With a third of primary school children and two thirds of adults overweight or obese, obesity is an issue that’s population-wide. We’re also the most obese country in Western Europe. Measures like our reformulation programme are making it easier for everyone - no matter their age, socio-economic background, or where they live - to consume less sugar and fewer calories.
The food industry has a large influence over what - and how often - we eat and drink. It is in a unique position to help our children avoid obesity, which increases their risk of serious health problems, including type 2 diabetes, heart disease and some cancers.
We’ve seen leadership from some product categories included in the programme, and some sectors of industry, in contributing towards a 2% reduction in year one. Those rising to the challenge should be commended.
While this is below the 5% ambition, it’s a reasonable start. We know it takes time to get products through the reformulation cycle, and some changes weren’t reflected in this report.
The yoghurts and fromage frais, breakfast cereals and sweet spreads & sauces categories have all met or exceeded the initial 5% ambition, which shows businesses can take action and make a difference.
Our report highlights where some big players have demonstrated great leadership and innovation - but also where more progress is needed. In the case of puddings, where we saw an increase in both sugar and calories, further work is required.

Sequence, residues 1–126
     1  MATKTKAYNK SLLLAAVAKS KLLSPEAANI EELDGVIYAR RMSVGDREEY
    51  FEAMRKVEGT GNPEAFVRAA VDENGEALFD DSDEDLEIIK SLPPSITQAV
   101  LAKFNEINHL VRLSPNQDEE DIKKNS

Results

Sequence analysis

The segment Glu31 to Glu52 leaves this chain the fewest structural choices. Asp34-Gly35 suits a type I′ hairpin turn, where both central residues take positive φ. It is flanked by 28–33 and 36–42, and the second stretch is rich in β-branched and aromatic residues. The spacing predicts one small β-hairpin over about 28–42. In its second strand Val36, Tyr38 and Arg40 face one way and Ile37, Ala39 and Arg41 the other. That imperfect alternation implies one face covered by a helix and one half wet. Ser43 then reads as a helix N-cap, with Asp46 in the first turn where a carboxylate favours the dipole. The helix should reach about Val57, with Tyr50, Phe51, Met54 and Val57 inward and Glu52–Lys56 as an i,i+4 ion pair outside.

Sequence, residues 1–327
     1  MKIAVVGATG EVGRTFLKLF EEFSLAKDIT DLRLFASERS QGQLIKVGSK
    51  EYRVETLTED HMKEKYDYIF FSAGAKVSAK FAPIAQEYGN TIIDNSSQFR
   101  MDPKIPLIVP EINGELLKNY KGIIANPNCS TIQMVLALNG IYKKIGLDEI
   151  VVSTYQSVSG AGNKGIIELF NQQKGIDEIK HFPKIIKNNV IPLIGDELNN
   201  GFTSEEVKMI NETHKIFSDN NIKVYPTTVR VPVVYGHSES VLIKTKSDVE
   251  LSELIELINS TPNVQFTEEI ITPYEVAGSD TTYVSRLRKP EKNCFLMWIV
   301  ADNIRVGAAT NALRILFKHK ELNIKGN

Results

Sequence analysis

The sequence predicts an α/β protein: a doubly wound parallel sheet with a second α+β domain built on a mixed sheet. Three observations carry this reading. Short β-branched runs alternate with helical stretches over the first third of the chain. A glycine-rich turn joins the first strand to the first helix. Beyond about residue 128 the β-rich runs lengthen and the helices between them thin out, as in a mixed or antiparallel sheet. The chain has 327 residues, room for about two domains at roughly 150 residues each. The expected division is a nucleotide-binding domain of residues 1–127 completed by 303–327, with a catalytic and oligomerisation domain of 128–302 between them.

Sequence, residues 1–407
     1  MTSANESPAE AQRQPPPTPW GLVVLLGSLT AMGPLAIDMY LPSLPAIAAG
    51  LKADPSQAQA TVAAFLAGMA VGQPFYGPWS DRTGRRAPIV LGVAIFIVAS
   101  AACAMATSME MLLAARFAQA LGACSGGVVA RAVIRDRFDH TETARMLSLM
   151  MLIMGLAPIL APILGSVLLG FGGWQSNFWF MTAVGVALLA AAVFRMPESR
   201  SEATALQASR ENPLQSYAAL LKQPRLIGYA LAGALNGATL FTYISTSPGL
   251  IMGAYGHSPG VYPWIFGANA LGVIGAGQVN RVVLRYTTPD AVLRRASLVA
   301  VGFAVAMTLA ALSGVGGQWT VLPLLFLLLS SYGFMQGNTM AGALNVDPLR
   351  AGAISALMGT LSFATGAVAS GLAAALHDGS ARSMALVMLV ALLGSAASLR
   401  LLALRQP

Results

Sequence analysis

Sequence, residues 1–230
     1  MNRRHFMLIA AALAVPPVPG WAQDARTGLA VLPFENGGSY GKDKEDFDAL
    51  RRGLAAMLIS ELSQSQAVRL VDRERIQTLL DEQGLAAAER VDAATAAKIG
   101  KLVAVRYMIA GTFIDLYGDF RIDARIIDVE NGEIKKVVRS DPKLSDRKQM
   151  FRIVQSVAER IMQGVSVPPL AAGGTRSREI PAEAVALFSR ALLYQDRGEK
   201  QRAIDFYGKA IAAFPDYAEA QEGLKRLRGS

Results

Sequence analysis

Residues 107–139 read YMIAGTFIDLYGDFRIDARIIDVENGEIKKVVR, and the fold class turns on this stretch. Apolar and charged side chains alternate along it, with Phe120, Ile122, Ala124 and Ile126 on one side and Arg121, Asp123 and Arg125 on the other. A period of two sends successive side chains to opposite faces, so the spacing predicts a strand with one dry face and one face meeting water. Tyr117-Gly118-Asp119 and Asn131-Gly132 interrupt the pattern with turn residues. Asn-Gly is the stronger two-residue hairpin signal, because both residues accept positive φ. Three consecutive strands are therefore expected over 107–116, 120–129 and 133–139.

We are at the start of a critical journey to make everyday foods and drinks healthier, and it’s too early for snap judgements about what may or may not be working.
When we publish our next progress report in spring 2019, we will be in a better position to say which sectors, categories and companies may need to step up. Meantime, our message is loud and clear: there is no time for complacency and we must keep working together.
In getting this report right, we came across some challenges, including limitations with data for the cakes and morning goods categories, and the out of home sector. Lack of out of home data should not be interpreted as PHE letting this sector off the hook. Our data suggests servings are on average double that of retailer and manufacturer branded products. Although some major players have committed to meeting the 20%, we need immediate action from this sector.
We have been asked if we’re disappointed in progress made, but a 2% reduction across a complex set of categories is a good start. These are products consumed regularly by children and families, and many are now lower in sugar and/or calories as a result. To achieve 2% in a short space of time reflects a change in attitudes and a growing acceptance that the public wants and expects healthier choices.
In years to come, we should all look back on this as a time where we took a step forward in improving our children’s health. Everyone - retailers, manufacturers and the out of home sector - needs to play their full part.
Dr Alison Tedstone is chief nutritionist at Public Health England